This image incorporates history as I have described it, characterized by ruptures; simultaneous paths; aspects coming in and out of focus; hidden roads; ignored elements; mainstream currents; discontinuities where a path ends, yet begins again later; non-teleological — and yet with forms of development, not a static mass; where there is indeed historical change, movement and direction. In fact multiple directionS.
This is a highly evocative image which inspired in me a new metaphor for the timeline. I picture, in a very Wittgensteinian manner, an interwoven mass of filaments, some longer, some shorter, each a "history," each independent to an extent, yet touching on various others, some ending only to begin again farther on, all travelling nonetheless in a certain concert. We could have an art history which is plurogenic (multistrand), as opposed to all those, especially Greenberg or Danto's, monogenic (single strand) conceptions. This is an image of history as a cable of integrated stories; we have simply focused far too long on only one strand.
More thoughts on the images evoked by a braided rope. A rope can be made of various intertwining plaits of strands, sometimes even in opposite rotations, it can have strands of various thicknesses, and even have some frayed filaments, yet retain much of its tensile strength. Most of us have bodily experiences of working with thick ropes, know how they are linear, yet can be coiled, knotted and so on. All of these properties are metaphorically useful for a promising model of art history.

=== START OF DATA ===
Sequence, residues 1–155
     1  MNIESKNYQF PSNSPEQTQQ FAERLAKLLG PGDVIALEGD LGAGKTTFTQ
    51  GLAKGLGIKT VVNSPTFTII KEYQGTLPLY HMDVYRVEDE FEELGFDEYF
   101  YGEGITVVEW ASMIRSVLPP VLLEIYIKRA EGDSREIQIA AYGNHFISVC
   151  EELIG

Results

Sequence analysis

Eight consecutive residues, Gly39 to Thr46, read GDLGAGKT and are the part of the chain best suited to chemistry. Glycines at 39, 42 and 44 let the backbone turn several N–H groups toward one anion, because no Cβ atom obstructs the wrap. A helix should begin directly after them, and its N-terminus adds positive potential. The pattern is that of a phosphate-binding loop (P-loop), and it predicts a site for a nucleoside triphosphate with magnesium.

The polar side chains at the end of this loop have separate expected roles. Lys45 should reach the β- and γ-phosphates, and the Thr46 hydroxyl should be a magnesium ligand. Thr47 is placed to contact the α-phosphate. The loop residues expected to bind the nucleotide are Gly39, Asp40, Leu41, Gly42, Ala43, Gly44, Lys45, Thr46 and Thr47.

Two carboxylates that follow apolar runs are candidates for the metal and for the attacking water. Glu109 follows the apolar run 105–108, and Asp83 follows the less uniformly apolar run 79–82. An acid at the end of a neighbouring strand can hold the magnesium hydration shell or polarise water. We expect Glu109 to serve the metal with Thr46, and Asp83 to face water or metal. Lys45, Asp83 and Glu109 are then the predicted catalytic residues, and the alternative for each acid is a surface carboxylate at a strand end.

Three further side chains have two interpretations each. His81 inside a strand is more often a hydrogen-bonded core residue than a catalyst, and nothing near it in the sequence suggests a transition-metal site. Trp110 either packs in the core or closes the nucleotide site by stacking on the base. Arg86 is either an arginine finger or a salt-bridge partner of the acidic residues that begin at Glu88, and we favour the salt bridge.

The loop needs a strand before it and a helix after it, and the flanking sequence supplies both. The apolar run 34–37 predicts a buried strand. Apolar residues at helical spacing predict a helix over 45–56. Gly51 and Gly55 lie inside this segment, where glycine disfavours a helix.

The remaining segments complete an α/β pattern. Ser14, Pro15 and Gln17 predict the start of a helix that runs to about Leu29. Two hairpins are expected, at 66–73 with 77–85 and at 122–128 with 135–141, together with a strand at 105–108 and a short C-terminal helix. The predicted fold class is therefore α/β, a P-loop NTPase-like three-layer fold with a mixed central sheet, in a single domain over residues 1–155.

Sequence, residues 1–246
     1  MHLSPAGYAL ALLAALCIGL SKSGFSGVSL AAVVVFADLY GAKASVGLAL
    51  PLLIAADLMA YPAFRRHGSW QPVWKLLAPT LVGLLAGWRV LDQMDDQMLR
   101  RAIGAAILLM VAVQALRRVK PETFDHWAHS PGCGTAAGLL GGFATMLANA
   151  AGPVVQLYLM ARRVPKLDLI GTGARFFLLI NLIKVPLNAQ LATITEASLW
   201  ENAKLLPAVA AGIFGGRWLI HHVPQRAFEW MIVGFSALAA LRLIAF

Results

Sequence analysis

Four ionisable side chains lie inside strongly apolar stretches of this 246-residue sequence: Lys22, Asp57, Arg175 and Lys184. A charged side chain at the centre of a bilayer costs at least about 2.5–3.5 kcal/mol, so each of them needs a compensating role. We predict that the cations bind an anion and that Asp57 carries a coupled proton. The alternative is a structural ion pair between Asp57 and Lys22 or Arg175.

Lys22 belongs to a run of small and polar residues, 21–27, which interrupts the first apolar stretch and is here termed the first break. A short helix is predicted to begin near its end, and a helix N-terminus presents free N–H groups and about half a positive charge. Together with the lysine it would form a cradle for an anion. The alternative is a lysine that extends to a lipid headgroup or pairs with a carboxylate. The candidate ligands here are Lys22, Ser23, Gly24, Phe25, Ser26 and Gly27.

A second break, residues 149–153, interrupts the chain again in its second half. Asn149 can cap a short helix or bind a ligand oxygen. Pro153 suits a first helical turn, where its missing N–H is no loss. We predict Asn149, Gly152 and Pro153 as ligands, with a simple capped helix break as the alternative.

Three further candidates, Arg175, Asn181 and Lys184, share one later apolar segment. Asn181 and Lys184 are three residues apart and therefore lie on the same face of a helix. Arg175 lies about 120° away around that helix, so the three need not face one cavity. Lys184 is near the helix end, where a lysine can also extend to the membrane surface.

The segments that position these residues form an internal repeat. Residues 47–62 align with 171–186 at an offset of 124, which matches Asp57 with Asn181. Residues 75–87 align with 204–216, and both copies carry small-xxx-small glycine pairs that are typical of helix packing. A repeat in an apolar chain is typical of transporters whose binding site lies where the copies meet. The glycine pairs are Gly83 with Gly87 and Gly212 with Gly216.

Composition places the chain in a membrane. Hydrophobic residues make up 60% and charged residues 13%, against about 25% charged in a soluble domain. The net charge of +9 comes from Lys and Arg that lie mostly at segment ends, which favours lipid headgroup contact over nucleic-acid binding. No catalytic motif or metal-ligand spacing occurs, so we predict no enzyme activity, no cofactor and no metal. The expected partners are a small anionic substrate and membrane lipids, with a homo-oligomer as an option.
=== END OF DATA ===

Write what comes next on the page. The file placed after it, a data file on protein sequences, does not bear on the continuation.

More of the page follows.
Let me list what I feel are a few of the strengths this metaphoric model adds to the teaching and study of art history. Following cognitive metaphor theory, it allows us to access a variety of cultural metaphors to focus on, yet critically regard, our subject. We retain something of the "CAUSES AND EFFECTS ARE LINKED OBJECTS" which dominates most standard timeline models, but it becomes only one helpful trope among many, not the central one. Metaphors of weaving and construction become more important. "IDEAS ARE CONSTRUCTED OBJECTS" comes to the fore, with its important corollaries, "The mind is a builder" and "Thinking is building/forming/shaping." We become keenly aware that our idea of art history is an object built by us, thus one that is not beyond reproach (or praise) and can be altered at any time. A braid is generally felt to be a very handmade object as well, re-establishing metaphorically the personal body-based experiences and embodied reasoning that most artists feel is too absent from art history instruction. The braid metaphor helps to thus humanize a trope that sometimes appears all too predetermined.
The various strands that form the braid are also path-like, giving us access to those foundational metaphors and their implications. "Reasoning is following a path" is one such trope. "Arguments are paths on which thought travels" is another. Both assist the viewer of such a timeline to conceive of following the strands, jumping between them, looking for hidden ones and so on as actions involving working out history itself in one's mind, placing the emphasis on personal interpretation rather than simple memorization. The braided-rope timeline still has a "mainstream" main strand, which helps anchor the students' knowledge as they first learn facts.